These "others" turn out to be hundreds of porcelain pieces that fill every room of her mansion. Margaret communes with these pieces, imparting personalities and relationships to soup tureens, tea cups and saucers. Margaret has a brain tumor and expects to die soon. She is divorced, her ex-husband has remarried, and their only child died many years ago in a car accident that her husband survived. Now she has retired to her house where she cares for all the antiques she inherited from her father.

Margaret's ad is answered by a young woman named Wanda Schultz, who is in Seattle searching for her boyfriend, who had announced he was leaving her in New York. She sold everything and uprooted herself to find him again. She believes she will find him in Seattle. Wanda is a stage manager who works most evenings. She and Margaret slowly begin to thaw toward each other, yet keep their own secrets close.

Wanda continues to look for her lost boyfriend while finding herself attracted to a stagehand who is really too good to be true. Margaret starts to go out of the house and finds herself a boyfriend. Margaret carries a secret--the porcelains were bought from Europe during World War II--likely stolen from Jewish families by Nazis. One day, Margaret looks at her wedding china, and realizes it means nothing to her but weighs her down. She bullies Wanda into helping her smash the entire set. Margaret begins to free herself from her guilt and shyness as she frees herself from her inheritance. The shattered fragment become the basis for Wanda's mosaic art, which drives the last third of the novel.

Wanda finds her boyfriend, and sees him with new eyes, and just as she finds herself free from him, she is hit by a car and sustains serious injuries. She has to give up her work as a stage manager, and she finds her way into doing mosaicsc.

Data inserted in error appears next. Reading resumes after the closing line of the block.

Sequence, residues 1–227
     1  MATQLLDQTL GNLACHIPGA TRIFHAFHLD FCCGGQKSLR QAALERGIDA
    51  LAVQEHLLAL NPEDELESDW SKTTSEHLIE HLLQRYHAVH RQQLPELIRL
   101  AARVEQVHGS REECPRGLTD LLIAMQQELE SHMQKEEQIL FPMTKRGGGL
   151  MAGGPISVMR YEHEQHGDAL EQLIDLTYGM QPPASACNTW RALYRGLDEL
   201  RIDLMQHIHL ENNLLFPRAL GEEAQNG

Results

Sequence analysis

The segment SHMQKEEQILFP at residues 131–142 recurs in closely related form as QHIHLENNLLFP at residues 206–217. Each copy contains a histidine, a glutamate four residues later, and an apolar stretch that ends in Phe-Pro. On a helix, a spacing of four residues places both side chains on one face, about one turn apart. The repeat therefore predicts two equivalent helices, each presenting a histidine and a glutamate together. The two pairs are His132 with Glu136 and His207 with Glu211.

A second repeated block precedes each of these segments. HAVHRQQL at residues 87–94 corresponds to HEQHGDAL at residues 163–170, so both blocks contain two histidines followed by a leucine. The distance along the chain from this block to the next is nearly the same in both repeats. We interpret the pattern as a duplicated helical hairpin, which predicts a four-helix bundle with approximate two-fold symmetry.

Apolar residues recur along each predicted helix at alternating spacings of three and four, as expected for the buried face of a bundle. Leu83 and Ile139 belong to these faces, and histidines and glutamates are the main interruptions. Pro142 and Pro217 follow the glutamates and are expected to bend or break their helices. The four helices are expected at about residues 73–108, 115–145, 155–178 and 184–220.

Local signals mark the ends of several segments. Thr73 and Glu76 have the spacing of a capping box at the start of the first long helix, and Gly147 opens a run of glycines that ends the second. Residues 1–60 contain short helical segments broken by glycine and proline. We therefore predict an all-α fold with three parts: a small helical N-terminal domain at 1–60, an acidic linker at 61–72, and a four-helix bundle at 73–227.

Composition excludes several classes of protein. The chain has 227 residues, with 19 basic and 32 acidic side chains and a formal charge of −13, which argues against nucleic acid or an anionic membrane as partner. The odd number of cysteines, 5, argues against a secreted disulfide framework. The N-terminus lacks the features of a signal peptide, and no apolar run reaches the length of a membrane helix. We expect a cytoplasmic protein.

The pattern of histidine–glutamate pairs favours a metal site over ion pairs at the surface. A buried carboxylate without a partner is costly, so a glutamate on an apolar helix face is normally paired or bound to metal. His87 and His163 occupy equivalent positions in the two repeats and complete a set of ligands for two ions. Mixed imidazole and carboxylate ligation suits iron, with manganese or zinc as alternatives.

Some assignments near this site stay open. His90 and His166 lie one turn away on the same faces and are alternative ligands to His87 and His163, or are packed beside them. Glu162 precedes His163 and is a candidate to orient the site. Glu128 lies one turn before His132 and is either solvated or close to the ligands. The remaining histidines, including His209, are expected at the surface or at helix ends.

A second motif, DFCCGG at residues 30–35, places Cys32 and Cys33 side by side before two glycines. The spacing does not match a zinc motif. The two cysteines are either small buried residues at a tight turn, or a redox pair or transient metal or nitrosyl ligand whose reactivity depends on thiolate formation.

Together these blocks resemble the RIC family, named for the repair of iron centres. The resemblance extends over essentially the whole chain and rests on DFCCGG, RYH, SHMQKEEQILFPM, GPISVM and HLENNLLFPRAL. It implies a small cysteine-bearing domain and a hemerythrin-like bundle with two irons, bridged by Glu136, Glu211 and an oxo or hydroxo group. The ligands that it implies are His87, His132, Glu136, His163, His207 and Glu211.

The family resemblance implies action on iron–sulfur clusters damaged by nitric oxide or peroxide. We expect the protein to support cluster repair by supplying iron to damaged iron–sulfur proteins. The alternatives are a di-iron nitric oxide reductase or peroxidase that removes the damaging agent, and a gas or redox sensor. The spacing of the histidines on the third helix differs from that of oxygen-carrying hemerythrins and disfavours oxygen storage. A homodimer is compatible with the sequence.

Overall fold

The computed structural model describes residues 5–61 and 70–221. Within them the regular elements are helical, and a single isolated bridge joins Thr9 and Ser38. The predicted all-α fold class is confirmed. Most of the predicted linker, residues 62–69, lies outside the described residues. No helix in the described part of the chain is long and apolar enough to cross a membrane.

About halfway through the book, we meet the man who is Wanda's father--who left her with his sister while he went to look for his wife, who left him. Wanda's father manages a bowling alley and becomes friends with an elderly Jewish lady who bowls twice a week. She brings him out of his shell, and he brings her out of her grief after her husband dies.

By the end of the book, Margaret has died, but her house by this time is full of people she has collected who now work to make Wanda's art possible. Wanda's father comes on as handyman, and they open an art school to teach mosaic techniques.

There is a great deal of writerly effort in this book. For example, Margaret's tumor is an "astroblastoma," which she calls "the star." One of Wanda's first mosaics is of Jewish children wearing the Nazi-required star on their coats. The china breaks into star patterns--we see repeating stars throughout the book. Similarly, many things are broken: china, bones, families, marriages. Throughout the book, the characters take the broken parts of their lives and put them together in new ways, just as the china is broken into tesserae and made into new art with a different meaning and use than before.